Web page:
Chapter 17; Radioactivity and Nuclear Chemistry Radioactivity Until now we have been looking at the chemistry of atoms with stable nuclei. Most chemistry deals with gaining, losing and sharing electrons. Nuclear chemistry is a branch of chemistry which works with isotopes that have nuclei which are NOT stable. In nuclear chemistry one element often changes into another Radioactive Nuclei 1896 Henri Becquerel Photographic plate and rock containing uranium Marie and Pierre Curie Much early work with radioactivity Good short history in your text. Transmutation: Any change from one element into another Isotopes Atomic number: Number of protons Mass Number: Number of protons plus number of neutrons Nucleon: Either a proton OR a neutron When writing isotopes the mass number is always on top and the protons is always on the bottom. Isotopes Isotopes are not necessarily radioactive . They may be stable or unstable. Isotopes of Hydrogen 1H, 2H, 3H 1H & 2H, are stable 3H is unstable Isotopes of Carbon 11C, 12C, 13C, 14C 12C and 13C are stable 11C and 14C are unstable Nuclide: FOCUSES ON THE NUCLEUS More general term, refers to nuclei of same or different elements (as opposed to atoms of different types) Stable Isotopes vs. Radioactive All isotopes with 84 or more protons are unstable With low atomic weight elements, stable isotopes have about a 1:1 proton: neutron ratio With higher atomic weight elements the ratio is about 2 protons to 3 neutrons Different Decay Products Lead is often used Beta particles are negatively charges so they are pushed away from the negative electrode and toward the positive electrode. Alpha particles are positively charges so they are pushed away from the positive electrode and toward the negative electrode.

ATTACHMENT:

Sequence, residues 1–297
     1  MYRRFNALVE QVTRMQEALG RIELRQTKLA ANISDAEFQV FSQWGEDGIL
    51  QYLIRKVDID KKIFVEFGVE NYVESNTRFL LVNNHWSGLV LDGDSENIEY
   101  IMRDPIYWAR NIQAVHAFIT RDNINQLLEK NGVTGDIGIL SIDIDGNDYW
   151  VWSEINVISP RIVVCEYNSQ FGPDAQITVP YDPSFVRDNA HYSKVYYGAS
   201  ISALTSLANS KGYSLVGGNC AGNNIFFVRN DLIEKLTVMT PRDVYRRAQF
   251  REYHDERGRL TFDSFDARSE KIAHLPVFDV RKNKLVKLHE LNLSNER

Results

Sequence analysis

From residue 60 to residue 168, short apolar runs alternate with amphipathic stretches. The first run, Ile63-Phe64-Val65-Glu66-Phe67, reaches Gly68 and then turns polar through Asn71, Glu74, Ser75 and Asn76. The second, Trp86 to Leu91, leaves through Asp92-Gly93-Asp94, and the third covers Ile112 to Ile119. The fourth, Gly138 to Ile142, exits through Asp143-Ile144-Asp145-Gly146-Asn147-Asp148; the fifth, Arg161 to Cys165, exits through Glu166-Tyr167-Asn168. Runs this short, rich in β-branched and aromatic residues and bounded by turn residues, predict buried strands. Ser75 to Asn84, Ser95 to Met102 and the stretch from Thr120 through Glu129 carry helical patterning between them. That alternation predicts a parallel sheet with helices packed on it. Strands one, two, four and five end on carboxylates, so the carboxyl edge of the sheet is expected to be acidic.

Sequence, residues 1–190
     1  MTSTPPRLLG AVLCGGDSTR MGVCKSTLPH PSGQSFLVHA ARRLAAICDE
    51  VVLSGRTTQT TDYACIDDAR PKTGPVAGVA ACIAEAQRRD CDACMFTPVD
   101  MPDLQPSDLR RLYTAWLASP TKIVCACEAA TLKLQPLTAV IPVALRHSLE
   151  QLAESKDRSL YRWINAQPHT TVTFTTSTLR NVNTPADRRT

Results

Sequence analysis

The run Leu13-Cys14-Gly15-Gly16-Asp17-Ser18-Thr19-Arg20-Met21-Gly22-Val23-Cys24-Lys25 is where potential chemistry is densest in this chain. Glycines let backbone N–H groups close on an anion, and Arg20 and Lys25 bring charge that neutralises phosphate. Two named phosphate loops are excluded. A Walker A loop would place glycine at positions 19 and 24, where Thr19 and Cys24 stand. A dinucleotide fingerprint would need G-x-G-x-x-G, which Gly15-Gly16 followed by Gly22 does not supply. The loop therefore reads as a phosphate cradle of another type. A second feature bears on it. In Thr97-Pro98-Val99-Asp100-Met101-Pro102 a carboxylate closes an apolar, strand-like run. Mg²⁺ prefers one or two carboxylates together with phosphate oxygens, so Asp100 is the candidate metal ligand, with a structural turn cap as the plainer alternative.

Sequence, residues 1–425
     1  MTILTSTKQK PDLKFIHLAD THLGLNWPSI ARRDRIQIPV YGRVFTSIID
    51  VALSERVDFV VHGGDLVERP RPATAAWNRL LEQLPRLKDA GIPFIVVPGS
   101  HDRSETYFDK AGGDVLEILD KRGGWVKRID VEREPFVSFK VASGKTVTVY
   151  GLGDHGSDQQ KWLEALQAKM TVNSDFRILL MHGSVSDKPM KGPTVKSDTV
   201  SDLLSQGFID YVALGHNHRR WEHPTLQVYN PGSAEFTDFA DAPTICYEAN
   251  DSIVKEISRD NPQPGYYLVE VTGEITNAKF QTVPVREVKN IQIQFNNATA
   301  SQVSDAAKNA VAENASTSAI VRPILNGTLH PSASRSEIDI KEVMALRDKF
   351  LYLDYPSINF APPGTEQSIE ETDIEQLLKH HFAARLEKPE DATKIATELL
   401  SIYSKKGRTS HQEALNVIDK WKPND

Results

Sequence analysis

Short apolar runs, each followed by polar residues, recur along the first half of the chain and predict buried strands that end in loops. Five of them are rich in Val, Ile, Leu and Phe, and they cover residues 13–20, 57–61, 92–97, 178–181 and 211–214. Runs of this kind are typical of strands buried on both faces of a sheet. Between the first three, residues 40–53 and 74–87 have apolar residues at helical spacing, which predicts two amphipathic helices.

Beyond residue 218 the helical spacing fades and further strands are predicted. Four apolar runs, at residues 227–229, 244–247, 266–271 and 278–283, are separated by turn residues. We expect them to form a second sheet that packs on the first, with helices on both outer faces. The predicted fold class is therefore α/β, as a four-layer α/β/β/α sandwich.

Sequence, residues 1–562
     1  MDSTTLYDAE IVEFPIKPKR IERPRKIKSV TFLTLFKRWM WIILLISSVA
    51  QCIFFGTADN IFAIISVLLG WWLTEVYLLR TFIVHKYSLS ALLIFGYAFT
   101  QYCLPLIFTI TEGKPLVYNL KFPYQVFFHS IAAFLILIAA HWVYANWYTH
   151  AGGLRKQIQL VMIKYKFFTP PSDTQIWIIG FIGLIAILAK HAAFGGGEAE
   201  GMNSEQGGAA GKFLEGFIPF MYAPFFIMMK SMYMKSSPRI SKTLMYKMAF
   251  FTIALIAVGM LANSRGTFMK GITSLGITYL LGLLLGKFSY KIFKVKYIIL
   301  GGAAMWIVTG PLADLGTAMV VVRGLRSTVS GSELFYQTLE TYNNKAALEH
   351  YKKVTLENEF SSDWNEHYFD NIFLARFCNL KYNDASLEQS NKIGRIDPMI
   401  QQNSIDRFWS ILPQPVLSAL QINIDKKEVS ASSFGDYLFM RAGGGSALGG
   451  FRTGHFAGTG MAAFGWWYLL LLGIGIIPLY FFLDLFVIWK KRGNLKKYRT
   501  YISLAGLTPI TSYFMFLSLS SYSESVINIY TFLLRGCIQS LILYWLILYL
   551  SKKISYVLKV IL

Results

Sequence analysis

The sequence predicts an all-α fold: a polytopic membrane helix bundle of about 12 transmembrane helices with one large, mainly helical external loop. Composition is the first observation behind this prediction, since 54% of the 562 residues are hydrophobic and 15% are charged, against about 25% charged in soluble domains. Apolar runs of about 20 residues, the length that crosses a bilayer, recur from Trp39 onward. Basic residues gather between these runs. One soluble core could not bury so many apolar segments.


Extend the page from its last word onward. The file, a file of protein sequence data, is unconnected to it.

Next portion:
Type Symbol Mass Charge Description Alpha 4 2 α 4 2 Helium nuclei Beta 0 -1 β 0 -1 Electrons produces and ejected from nucleus Gamma 0 0 γ 0 0 Electromagnetic radiation Neutron 1 0 n 1 0 Neutrons Positron 0 +1 β 0 +1